Creative Ways to Stretch Your Euros
Sunday, April 6, 2008
At the Hotel Galeno, a two-star in a quiet Rome neighborhood close to the Porta Pia, the double bed filled my room, with about eight inches to spare on three sides. To get in the shower, I wedged my body around the toilet near a salad-bowl-size pedestal sink. But the bed was comfy, the breakfast filling (Italian coffee, warm yeasty rolls and jam) and the service gracious. And with an air-hotel package offseason, I was paying less than $40 a night -- in a city where $200-plus rooms are common.
Finding affordable lodging in Europe is a challenge this summer, and you may have to sacrifice some comfort, but it can be done. In 2000, the euro and dollar were worth roughly the same; today a euro is worth more than $1.50, a 50 percent loss of buying power for Americans. Things are worse in the United Kingdom, where a British pound is worth almost $2. A survey by the online booking site
Hotels.com showed that U.K. rooms went up 12 percent last year, making the average price in London $230 a night.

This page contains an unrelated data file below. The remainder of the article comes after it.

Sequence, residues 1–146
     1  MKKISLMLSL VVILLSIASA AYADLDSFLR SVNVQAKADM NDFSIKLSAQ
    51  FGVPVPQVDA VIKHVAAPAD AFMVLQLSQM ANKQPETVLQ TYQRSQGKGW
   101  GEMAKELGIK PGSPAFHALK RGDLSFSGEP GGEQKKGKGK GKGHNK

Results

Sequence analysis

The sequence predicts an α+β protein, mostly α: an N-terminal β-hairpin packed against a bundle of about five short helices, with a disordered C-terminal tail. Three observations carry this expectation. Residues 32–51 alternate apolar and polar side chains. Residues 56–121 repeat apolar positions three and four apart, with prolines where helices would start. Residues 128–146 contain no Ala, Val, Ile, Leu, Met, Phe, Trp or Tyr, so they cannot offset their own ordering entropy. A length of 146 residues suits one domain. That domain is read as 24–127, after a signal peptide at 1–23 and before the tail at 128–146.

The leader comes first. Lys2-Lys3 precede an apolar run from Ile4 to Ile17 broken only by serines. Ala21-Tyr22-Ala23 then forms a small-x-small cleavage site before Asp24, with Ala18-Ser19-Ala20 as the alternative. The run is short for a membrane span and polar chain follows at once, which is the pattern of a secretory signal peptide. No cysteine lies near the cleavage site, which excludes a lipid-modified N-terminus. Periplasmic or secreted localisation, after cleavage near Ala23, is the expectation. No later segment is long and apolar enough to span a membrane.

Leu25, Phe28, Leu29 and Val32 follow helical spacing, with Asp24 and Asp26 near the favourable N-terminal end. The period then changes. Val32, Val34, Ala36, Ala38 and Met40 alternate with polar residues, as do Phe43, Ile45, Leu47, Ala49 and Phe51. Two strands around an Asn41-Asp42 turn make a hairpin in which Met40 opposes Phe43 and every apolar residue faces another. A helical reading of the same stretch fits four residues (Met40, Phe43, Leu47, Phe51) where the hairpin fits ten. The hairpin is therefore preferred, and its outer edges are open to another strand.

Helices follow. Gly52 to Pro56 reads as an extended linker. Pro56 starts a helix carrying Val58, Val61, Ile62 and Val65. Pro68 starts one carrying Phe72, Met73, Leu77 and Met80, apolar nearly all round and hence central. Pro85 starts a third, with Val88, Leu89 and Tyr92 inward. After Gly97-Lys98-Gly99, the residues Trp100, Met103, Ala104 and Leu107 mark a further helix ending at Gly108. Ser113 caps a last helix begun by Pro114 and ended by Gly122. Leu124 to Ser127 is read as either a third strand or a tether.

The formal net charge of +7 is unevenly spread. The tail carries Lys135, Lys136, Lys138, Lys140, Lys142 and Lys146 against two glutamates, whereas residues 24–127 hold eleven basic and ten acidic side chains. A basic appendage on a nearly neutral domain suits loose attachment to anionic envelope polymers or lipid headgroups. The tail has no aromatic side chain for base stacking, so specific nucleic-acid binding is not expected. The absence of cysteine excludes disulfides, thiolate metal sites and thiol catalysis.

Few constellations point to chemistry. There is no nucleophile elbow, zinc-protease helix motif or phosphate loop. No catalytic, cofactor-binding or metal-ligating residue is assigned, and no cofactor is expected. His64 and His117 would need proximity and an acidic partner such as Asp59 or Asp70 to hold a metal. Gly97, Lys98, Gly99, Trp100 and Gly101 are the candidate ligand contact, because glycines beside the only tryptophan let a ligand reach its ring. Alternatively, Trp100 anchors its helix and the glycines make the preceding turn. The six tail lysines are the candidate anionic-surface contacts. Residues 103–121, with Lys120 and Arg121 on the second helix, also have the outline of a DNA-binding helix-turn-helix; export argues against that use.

Venice is even more expensive: $250 a night. In Oslo, lodging was up 18 percent in a year, making $200 the average. Prices also jumped from 9 to 15 percent in such popular cities as Lisbon, Istanbul, Barcelona, Madrid and Milan.
But dollar pains or not, a March survey by TripAdvisor, the Web site that lets travelers rate lodging, said 50 percent of Americans who responded plan to go to Europe this year. And they don't want to pay a fortune for accommodations.
"Budget people need more guidance this year," says Mary Peters of Friendly Travel in Alexandria. "But budget travel is not impossible. Don't stay home because of it."
Amen to that. Our stories on lodging alternatives, plus tips on how to save on transportation, food and entertainment, begin here.